There’s a plethora of RAID arrays to choose from—however, the most common ones you’ll come across are RAID 0, 1, 5, and 10. RAID 0, possibly the most interesting of the four, requires a minimum of two drives. Essentially, the principle is fairly basic: split the data across both hard drives, then read or write off both of them simultaneously to provide an impressive performance boost. The one major downside to this is that if one of your drives fails, you lose all of your information with no chance of recovery. Although in today’s climate that’s a pretty rare occurrence, it’s still advisable to keep the vast majority of your valued files offsite. After all, you want to make sure that you’ve got at least one backup, and ideally you want to have a backup for your backup as well—we wouldn’t want to be around when your primary system and your backup fails. Heh, Star Trek. Anyway, back to the point: keeping your OS and some games on your array is often the best solution, especially in today’s modern age of cloud storage and super-fast download speeds, when reinstalling an OS doesn’t take a week. To set up and install a RAID 0 system, you need to use your BIOS, Intel’s Rapid Storage Technology, and at least two drives. Instructions can be found in your motherboard’s user manual, however, changing the “PCH Storage” option from “AHCI “to “RAID” should do the trick. Then it’s a simple case of rebooting and mashing Ctrl-I to get into the Intel Rapid Storage Driver, and creating your RAID array from there. Three Samsung 850 Pros in RAID 0 provide us with a grand total of 384GB of storage, and performance speeds in synthetic benchmarks ranging anywhere from 1,200MB/s to 1,500MB/s read and 1,000MB/s to 1,100MB/s write. This solution really shines in desktop copies and transfers, reducing overall copy time by half, making for a much smoother experience, and an instantaneous response when moving folders with photos. But wait, there’s more. RAID 0 isn’t your only option. RAID 1 uses exactly two drives, and mirrors your data across both at the same time. The benefit here is that if one of your devices fails, there’s always a backup. A hardware RAID controller can also potentially read from both drives for improved speeds too. RAID 5 is a little more complex. It requires a minimum of three drives, and stripes the data across the drives along with a rotating parity block. It detects when there may be problems on either of the other drives and migrating system-critical information from the damaged or decaying drive on to one of the others. This is often used in NAS devices or servers, where multiple people may be using the array at any given time. Then there’s RAID 10, the king of money spending, storage, and dependability. It takes the best parts of both RAID 0 and RAID 1, and merges them together, simultaneously mirroring and striping the data between the number of drives you have available. You need a minimum of four disks to do this, and you lose half of your storage capacity in the process, but it’s the most effective and efficient way to use SSDs—just not for those looking at cost-effective storage solutions. Ultimately, RAID 0 provides a cheap, fast, easy, eye-pleasing solution to modern-day storage woes. Although the synthetic benchmark speeds often don’t transfer well into gaming scenarios, the snappiness you’ll find on desktop file transfers will be enough to make any PC enthusiast crumble. The only problem with it is boot times. If you’re looking for a superfast startup, you’re more than likely still going to want to utilize just a single SSD. Intel’s rapid storage boot manager does take a considerable amount of time to get past, and even though you benefit from those speedy read times, you’re still going to suffer because of it.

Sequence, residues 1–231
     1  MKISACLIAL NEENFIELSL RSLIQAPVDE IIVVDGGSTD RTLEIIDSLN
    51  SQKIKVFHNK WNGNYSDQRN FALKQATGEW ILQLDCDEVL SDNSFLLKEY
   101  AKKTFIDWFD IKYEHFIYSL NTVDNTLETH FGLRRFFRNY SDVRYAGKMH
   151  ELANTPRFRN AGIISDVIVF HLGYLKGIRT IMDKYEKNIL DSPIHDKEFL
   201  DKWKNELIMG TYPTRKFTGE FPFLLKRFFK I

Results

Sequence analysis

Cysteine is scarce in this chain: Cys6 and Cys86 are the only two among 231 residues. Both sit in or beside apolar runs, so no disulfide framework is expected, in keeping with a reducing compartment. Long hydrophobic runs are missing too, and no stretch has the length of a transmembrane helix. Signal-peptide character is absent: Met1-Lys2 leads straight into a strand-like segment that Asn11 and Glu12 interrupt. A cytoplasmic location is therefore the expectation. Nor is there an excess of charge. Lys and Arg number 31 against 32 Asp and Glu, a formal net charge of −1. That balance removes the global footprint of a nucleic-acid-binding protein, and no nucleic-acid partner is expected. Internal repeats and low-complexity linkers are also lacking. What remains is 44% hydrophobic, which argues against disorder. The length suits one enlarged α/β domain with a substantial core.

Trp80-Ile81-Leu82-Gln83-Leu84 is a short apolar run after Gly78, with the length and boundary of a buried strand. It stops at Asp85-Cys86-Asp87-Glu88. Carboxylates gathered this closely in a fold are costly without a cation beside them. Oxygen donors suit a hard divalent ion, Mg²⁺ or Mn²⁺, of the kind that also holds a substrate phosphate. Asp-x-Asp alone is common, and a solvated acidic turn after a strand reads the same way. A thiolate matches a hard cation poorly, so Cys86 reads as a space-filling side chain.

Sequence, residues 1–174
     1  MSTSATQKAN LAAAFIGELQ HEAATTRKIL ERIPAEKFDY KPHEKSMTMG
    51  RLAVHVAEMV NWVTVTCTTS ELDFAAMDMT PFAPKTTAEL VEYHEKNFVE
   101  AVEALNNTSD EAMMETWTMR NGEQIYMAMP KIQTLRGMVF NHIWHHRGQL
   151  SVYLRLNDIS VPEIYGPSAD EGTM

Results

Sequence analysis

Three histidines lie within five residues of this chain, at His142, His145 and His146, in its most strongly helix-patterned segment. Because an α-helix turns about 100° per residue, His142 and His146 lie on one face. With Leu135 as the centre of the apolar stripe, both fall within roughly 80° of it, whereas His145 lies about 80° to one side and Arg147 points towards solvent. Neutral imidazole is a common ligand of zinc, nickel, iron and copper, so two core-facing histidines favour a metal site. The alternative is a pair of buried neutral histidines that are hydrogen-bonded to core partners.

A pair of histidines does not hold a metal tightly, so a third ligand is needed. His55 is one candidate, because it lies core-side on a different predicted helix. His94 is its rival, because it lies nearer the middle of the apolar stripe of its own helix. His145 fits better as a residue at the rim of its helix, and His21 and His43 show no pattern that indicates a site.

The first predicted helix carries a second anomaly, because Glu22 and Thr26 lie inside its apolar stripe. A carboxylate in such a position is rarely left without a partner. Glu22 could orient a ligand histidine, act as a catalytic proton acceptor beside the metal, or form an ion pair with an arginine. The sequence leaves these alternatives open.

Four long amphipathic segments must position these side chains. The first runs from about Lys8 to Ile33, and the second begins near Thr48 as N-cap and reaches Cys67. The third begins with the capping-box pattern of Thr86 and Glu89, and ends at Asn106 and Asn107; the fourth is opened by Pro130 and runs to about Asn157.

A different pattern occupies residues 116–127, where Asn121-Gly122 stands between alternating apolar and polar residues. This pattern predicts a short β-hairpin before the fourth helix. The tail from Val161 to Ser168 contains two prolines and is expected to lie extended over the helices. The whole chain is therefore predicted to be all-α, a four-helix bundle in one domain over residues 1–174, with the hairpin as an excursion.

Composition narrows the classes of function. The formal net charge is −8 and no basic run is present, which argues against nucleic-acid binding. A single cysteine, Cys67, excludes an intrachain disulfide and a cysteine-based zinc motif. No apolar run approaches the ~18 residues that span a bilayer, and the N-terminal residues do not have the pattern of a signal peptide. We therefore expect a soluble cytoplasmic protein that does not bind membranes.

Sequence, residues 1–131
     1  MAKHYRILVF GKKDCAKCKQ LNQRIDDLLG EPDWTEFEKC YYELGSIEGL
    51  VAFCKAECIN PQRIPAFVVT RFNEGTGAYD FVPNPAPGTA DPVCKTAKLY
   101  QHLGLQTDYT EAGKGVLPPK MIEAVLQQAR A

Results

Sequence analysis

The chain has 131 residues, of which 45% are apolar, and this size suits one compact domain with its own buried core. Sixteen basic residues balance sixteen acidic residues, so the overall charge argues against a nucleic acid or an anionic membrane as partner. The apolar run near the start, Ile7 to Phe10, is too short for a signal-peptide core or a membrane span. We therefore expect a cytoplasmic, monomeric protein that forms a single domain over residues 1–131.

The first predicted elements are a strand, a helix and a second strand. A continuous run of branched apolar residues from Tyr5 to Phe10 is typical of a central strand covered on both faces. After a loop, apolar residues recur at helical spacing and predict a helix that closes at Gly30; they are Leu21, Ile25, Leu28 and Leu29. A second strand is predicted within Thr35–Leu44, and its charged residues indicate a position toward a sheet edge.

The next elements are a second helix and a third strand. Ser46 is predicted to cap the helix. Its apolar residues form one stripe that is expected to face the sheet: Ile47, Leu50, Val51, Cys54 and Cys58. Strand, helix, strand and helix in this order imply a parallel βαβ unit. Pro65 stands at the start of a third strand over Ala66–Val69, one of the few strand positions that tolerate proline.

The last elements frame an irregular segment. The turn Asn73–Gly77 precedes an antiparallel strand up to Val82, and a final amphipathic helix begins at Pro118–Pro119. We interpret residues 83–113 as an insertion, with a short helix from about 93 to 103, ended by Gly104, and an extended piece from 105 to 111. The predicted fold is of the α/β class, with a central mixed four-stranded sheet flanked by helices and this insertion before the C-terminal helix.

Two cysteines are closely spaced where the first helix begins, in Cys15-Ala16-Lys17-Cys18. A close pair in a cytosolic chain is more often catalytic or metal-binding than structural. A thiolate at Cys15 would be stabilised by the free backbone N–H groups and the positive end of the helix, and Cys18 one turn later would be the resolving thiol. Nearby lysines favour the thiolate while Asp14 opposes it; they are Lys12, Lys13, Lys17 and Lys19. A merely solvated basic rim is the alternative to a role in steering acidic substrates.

The most exciting advancement that we’ve seen over the last year or so has been the continued push into the PCIe SSD—allow us to explain why. Utilizing the PCI Express interconnect to deliver stunning storage speeds is a fantastic step forward, and undoubtedly where the future of storage lies. Originally hampered by insane levels of cost, the price of the PCIe SSD has dropped dramatically over the last year. Indeed, per gigabyte, it’s now half the cost of the most expensive SSD. Still sounds like a lot, but ultimately it’s far cheaper than when it debuted back in 2012. Currently, it’s around 92 cents per gigabyte for an Intel 750 SSD, or 86 cents per gigabyte on Samsung’s OEM SM951 versus 54 cents per gigabyte for a Samsung 850 Pro SSD. But considering you’re getting almost four times the performance by using an M.2 drive, it’s more than costeffective and, if SSD prices are anything to go by, it’s not going to be long until these drives cost the same as SSDs do today. Hardware and connection speeds haven’t been the only problems manufacturers have had to face. In fact, they’re only the start. The biggest conundrum has been how to surpass the aging AHCI protocol. Essentially a software interface to help convert the physical interface’s information, AHCI was designed for spinning drives and high-latency devices—nothing comparable to today’s NAND flash storage. Although SSDs still work quite efficiently on this, a new software interface was needed. Welcome to NVMe, a collaborative project worked on by over 80 members of a consortium, directed by Samsung and Intel. NVMe (Non-Volatile Memory Express) was designed to work with both SSDs and PCIe going forward. Ultimately, the biggest problem in the enthusiast arena has been aesthetics. When manufacturers first introduced their lineups of PCIe SSDs, they came covered in a lovely shade of green PCB. On top of this, you lose out on a PCIe slot, which for more aesthetically minded system builders, can ruin the look of a good build. M.2 PCIe drives do little to alleviate the situation. Raised above the board, they suffer from the same drawbacks, with the vast majority including that signature shade of grass-green PCB. Indeed, it’s only recently, with the launch of Samsung’s 950 Pro, that the first all-black consumer-grade PCB has been seen in this department. So, for a while now, the industry has been looking for a way to improve the connectivity speeds of the traditional 2.5-inch drive, and although M.2 drives are incredibly powerful and efficient, they still have flaws—namely, thermal limitations and drive capacity. Although Samsung has just announced its first 1TB M.2 drive, these devices will no doubt come at a great cost to the user and aren’t going to be available in the market until some time later next year. Welcome to SFF-8639. A connection standard that’s been used in enterprise-grade systems for some time now, it’s finally making its way to the consumer side. Notably with a rename: U.2 (not the band; it’s pronounced you-dot-two), bringing it more in line with M.2 and making it a little easier to remember. U.2 still features the same access that M.2 has, utilizing four PCIe 3.0 lines, and still promises the same speed, just in the traditional 2.5-inch form factor. The only downside is that, for the time being at least, the cable is rather bulky, and Intel plus a few other select board partners are the only ones supporting it. In the end, these drives are no doubt the future of storage expansion. As more memory chip manufacturers migrate to PCIebased devices, it’s inevitable that these devices, especially those utilizing NVMe, will become the SSDs of tomorrow. With stunning performance, low cost, low power usage, and small form factors, is there any doubt as to which storage solution has won the war?